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Student Spotlight: Chaia Flegenheimer, Recipient of $10,000 CRF Dissertation Award, Hopes to Lessen Gender Disparities in STEM fields

Chaia Flegenheimer

The recipient of the 2017-18 CRF Graduate Family Research Dissertation Fellowship, Chaia Flegenheimer’s interest in the workings of the human brain began at a young age. Chaia struggled during her early school years with learning challenges, particularly related to understanding the mechanics of spelling and math. The differences in her learning experiences compared to that of her peers sparked her interest in how the brain processes information. Under the encouragement and guidance of her high school science teacher, she continued to develop her interest in neuroscience and took classes at Smith College while attending Northampton High School.

Chaia completed her Bachelor’s degree in Neuroscience from Vassar College in 2013. While working in research laboratories as an undergraduate student, Chaia became interested in research and teaching.  A Pioneer Valley native, her career goals brought her back to western Massachusetts to join the PhD program in Neuroscience at UMass Amherst.

Under the mentorship of Dr. Jennifer McDermott, and with the guidance of Dr. Nilanjana Dasgupta, Chaia is currently working on her dissertation research. She studies the behavioral and neural effects of implicit stereotype threat on task performance and engagement in young women.

“From a young age, women are exposed to subtle and unconscious negative stereotypes that lead them to believe they will not be as successful as men in STEM fields,” says Chaia who hopes her work will help educators better understand stereotype threats and lessen gender disparities in STEM (Science, Technology, Engineering, and Math) fields.

Chaia states that families unconsciously introduce children to gender-specific toys. Likewise, families’ and teachers’ academic expectations unintentionally vary for male and female students across different subject areas from a young age.

“This subtle stream of negative stereotyping leads women to take protective measures by unconsciously avoiding these threatening fields,” says Chaia whose research aims at exploring ways to reduce the gender gap in science.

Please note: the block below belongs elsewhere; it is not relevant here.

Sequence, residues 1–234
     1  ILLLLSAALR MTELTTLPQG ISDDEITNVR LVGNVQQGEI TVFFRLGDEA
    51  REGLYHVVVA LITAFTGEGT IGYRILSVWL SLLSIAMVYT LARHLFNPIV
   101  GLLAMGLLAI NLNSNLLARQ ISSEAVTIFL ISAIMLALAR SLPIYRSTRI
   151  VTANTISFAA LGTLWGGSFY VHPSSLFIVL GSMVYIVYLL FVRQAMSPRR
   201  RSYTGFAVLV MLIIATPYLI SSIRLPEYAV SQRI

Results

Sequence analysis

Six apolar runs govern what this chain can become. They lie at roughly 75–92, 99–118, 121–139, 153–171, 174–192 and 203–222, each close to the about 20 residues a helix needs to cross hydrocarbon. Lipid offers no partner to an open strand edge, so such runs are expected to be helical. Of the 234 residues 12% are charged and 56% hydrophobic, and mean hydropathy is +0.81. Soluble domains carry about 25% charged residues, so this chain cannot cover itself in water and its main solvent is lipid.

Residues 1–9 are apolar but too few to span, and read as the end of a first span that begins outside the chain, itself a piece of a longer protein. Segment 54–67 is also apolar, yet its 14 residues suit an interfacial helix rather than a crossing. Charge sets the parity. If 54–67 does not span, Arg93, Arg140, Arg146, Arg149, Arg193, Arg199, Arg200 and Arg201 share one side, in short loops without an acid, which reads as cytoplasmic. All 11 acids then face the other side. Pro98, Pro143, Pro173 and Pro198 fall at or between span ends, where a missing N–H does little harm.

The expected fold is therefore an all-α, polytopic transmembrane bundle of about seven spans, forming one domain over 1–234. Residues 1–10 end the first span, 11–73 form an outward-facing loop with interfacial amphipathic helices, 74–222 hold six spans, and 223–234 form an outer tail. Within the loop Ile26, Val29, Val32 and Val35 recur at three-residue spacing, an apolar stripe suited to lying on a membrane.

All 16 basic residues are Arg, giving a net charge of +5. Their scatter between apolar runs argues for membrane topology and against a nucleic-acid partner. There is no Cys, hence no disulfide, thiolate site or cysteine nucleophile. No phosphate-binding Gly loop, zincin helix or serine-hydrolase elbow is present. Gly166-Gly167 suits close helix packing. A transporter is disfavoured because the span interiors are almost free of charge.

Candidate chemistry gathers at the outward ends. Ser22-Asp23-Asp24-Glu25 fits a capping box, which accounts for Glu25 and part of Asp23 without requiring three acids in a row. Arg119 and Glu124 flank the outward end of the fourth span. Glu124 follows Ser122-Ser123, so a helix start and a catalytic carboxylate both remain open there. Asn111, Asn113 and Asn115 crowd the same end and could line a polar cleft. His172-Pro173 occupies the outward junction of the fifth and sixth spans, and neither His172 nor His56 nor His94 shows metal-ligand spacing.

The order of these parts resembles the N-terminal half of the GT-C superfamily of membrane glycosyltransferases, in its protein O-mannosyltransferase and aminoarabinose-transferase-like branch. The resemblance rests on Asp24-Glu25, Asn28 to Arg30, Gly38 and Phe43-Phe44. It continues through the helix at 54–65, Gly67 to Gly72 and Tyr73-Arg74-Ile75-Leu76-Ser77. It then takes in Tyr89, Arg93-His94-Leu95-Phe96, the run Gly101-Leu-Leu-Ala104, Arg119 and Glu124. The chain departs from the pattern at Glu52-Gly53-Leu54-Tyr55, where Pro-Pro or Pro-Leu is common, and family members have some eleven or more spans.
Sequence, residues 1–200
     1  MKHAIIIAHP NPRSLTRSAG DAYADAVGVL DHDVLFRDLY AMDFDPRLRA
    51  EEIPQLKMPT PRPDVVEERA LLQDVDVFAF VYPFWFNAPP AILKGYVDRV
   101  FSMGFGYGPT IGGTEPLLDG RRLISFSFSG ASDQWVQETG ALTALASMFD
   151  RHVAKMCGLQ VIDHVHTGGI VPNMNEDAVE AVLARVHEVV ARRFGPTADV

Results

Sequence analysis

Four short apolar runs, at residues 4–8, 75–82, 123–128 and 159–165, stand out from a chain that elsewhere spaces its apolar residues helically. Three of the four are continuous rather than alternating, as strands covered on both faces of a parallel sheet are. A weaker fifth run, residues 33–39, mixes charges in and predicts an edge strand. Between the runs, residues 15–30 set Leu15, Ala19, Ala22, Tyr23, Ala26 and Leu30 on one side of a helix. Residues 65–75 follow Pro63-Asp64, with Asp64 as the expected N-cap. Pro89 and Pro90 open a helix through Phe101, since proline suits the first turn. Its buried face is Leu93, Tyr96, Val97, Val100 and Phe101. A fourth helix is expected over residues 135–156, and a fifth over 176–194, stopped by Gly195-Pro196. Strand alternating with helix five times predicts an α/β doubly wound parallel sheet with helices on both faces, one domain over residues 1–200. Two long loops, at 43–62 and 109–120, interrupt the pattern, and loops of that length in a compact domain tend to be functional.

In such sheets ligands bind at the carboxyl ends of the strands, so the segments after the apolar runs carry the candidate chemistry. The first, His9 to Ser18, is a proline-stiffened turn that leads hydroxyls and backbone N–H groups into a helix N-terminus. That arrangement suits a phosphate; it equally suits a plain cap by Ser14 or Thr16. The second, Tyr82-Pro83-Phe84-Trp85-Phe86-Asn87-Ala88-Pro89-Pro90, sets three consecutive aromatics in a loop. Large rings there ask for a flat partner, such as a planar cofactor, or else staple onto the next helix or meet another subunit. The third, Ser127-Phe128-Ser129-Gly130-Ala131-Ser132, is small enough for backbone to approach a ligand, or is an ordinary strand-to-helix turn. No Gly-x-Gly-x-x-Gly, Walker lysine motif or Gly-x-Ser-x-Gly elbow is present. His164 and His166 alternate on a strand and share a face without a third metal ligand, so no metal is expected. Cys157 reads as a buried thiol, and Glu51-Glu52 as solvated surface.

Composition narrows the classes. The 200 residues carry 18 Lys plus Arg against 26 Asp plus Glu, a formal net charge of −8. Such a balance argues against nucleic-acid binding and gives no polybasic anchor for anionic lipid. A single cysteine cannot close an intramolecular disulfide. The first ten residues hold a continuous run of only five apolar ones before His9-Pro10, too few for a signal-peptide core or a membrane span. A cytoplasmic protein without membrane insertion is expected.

Chaia’s dissertation research has three primary aims. First, she confirmed that she could induce stereotype threat in a laboratory setting. Second, she attempts to discern whether there are neural differences in individuals facing stereotype threat. Finally, she examines whether the neural differences can be lessened by introducing individuals to positive group role models.

“This semester I will be testing whether exposing women participants to female role models in STEM fields prior to the experiment will increase their test performance,” she explains.

The $10,000 CRF dissertation fellowship has allowed Chaia to focus more on her research by reducing her teaching workload.

“CRF’s dissertation fellowship has allowed me to cut down my teaching responsibilities, and allowed me to focus more on my research goals”, says Chaia. Chaia also participates in CRF’s Student Research Scholars seminar, where she joins seven other students who meet regularly with CRF faculty and methodologists to share their work, and to get feedback and support for their research.  Chaia is also looking forward to strengthening her methodological skills with the help of CRF’s Methodology Program.

This research also many real world implications.  As Chaia notes, “Increasing the number of women in STEM fields will increase revenues for the growing number of families who rely on the mother’s income.”  Looking ahead, Chaia plans to apply for postdoctoral positions this year, prior to applying for academic positions.

--Palista Kharel